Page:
Friday, June 3, 2011
CFS Bloggerama Day
To X or not to X, that is the question...
Amid all the controversy of whether XMRV "causes" CFS, we're losing the reality that some members of our community have been proven to have a retrovirus. Regardless of whether it "caused" their CFS or not, they now have proof that it's not all in their heads. And those who've been able to get on anti-retrovirals (AIDS drugs) after being diagnosed X-positive have improved.
About 5 years ago, I had my first C-Reactive Protein test, which was about 10x what it should be. Even though it couldn't tell us what virus I had, it did prove that there's something physically wrong. That seemed to make the difference for some people who'd previously been grasping at straws to find psychiatric explanations.
Not knowing which virus I have, I wasn't able to get anyone to prescribe AZT, but I was taken more seriously.
In my case, the treatment has been almost exclusively directed to improving the quality/quantity of my sleep. Sleeping pills finally broke the endless cycle of insomnia > pain > more insomnia > worse pain. Added bonus, sleeping 8 hours a night instead of 2 (if I was lucky) regenerated my immune system which was able to get the upper hand over the virus again.
When the sleeping pills that worked for me were no longer available, Dr. Murphree (www.DrRodger.com) recommended 5HTP, which helped me sleep naturally if the pain wasn't too bad. A Sleep Number bed also helped – yes, they're expensive, but I was able to work enough extra hours in the first year to completely pay for it. Finally getting a prescription for pain pills that work on neurological pain (Advil doesn't) also helped me sleep.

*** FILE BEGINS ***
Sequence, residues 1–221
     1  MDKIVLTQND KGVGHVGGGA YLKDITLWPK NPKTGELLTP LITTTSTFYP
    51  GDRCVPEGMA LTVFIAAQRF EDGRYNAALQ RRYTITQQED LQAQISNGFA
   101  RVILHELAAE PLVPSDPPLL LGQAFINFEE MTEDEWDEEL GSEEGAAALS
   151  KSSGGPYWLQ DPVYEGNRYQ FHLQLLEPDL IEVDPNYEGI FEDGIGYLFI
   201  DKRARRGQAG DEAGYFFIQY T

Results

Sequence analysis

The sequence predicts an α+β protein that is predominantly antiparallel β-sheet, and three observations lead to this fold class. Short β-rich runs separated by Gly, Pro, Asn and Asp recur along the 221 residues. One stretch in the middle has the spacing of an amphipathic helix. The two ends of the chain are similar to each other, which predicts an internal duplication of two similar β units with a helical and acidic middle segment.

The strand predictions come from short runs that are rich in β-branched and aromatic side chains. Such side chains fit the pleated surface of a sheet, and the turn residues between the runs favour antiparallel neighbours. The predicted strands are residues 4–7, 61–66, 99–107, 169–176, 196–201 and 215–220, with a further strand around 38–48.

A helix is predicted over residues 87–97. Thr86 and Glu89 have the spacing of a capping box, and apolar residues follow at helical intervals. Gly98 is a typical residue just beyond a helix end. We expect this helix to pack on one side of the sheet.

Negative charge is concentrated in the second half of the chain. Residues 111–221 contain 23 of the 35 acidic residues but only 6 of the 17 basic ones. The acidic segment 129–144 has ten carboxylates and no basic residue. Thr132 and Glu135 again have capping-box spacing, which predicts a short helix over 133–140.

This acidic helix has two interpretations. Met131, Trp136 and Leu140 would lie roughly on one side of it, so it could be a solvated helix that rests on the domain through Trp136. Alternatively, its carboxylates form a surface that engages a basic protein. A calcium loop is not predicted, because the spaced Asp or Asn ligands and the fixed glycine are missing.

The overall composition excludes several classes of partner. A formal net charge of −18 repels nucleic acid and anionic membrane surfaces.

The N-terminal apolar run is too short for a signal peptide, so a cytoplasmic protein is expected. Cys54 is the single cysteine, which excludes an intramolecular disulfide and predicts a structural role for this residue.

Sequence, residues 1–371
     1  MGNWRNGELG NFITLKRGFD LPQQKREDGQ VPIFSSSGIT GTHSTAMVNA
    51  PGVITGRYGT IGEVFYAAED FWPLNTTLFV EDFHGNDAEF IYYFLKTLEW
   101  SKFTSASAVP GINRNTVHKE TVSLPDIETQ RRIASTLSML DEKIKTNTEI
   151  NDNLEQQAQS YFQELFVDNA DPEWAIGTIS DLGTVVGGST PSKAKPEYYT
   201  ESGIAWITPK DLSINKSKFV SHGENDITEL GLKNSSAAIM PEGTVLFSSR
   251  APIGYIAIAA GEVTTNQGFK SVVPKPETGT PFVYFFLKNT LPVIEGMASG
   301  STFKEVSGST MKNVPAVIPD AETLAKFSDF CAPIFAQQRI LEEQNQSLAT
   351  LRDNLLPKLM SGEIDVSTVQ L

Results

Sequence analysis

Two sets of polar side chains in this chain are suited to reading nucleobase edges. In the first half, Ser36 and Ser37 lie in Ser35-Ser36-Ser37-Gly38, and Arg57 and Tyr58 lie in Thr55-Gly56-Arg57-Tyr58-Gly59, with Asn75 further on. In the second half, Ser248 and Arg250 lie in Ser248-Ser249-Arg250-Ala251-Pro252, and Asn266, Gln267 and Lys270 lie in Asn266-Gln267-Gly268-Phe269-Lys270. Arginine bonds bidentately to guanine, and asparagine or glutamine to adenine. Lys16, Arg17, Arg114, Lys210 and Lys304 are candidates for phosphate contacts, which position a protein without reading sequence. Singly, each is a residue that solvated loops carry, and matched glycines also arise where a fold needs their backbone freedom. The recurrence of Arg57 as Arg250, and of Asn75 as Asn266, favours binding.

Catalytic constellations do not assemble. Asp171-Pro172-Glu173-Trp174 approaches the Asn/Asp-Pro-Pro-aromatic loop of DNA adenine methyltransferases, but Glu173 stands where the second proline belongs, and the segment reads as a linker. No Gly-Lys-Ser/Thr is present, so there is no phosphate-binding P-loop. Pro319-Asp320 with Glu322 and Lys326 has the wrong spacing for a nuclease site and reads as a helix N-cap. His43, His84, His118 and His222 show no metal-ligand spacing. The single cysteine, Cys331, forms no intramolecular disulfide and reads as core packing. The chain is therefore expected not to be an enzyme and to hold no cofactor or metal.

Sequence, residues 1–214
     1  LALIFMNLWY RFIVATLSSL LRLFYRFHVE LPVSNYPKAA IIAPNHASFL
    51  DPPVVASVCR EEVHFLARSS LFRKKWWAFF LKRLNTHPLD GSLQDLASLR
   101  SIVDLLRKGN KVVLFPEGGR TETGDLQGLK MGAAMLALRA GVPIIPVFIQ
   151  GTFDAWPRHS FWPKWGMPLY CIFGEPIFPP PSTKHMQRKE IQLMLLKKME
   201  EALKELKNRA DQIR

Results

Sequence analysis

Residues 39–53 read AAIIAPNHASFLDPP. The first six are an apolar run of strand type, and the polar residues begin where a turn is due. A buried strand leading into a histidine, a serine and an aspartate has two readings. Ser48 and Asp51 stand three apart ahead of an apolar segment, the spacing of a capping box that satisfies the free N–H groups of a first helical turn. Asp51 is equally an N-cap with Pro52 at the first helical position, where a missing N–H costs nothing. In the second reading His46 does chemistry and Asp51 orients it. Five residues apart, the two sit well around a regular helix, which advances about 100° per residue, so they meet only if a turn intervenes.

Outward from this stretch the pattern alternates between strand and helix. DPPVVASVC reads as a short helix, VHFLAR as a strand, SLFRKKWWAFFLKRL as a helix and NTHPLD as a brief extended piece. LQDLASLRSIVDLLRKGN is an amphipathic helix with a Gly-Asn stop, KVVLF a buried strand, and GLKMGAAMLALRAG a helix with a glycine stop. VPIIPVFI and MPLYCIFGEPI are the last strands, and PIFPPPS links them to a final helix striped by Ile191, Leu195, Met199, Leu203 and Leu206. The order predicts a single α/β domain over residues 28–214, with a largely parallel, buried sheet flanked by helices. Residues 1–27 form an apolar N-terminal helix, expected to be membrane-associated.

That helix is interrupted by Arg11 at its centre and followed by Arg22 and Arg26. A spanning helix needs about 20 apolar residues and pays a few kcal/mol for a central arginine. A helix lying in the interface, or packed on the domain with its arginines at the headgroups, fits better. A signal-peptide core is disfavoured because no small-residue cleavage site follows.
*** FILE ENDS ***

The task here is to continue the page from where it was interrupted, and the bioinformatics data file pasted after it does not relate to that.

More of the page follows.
Am I doing as well as friends who've been prescribed AZT or Ampligen? No. But I'm doing a lot better than I was 10 years ago when I literally had one foot in the grave. If this is as good as it ever gets, I can live with it. If I were permanently stuck where I was 10 years ago, I would've crawled to the nearest bridge and figured out a way to fling myself off.
Some of the pills I've been given in the past decade have had weight gain as a side effect. One made me gain 4 pounds in a month; another put on 30 pounds in the first few months. So I'm no longer the sylph I was before I got sick. But that extra weight is a small price to pay for feeling this much better, and thankfully, my doctor recognizes that "all drugs have side effects" and isn't pressuring me to lose the weight that I gained as a result of what he was prescribing.
Some of the XMRV detractors have tried to say it's lab contamination. If that's true, then why do a large percentage of samples tested in the same lab come up X-negative?
That's one of the questions we need to ask every time they throw out that contamination red herring. Make them defend their accusations, which are just another way for them to deny that we're really sick.
I'm not much of a conspiracy theorist. I'll laugh off most of them. But I do have to admit that it sounds plausible that the government does not want to do too much research into CFS because it'll uncover something that will require them to pay significant reparations to patients who got sick, but didn't die. And, corollary thereto, that they need to discredit any research that comes too close to finding the truth.
It's immaterial to me whether CFS is ultimately proven to be caused by XMRV or if it weakens the immune system enough to allow XMRV in as an "opportunistic infection". What counts is that the people who have it have been helped with proper medication. And that should be the ultimate goal here – not wasting energy on arguing over the name (which CDC has already stated they're never going to change) or whether XMRV is the actual cause.
I don't care what you call it ... just get me back to work!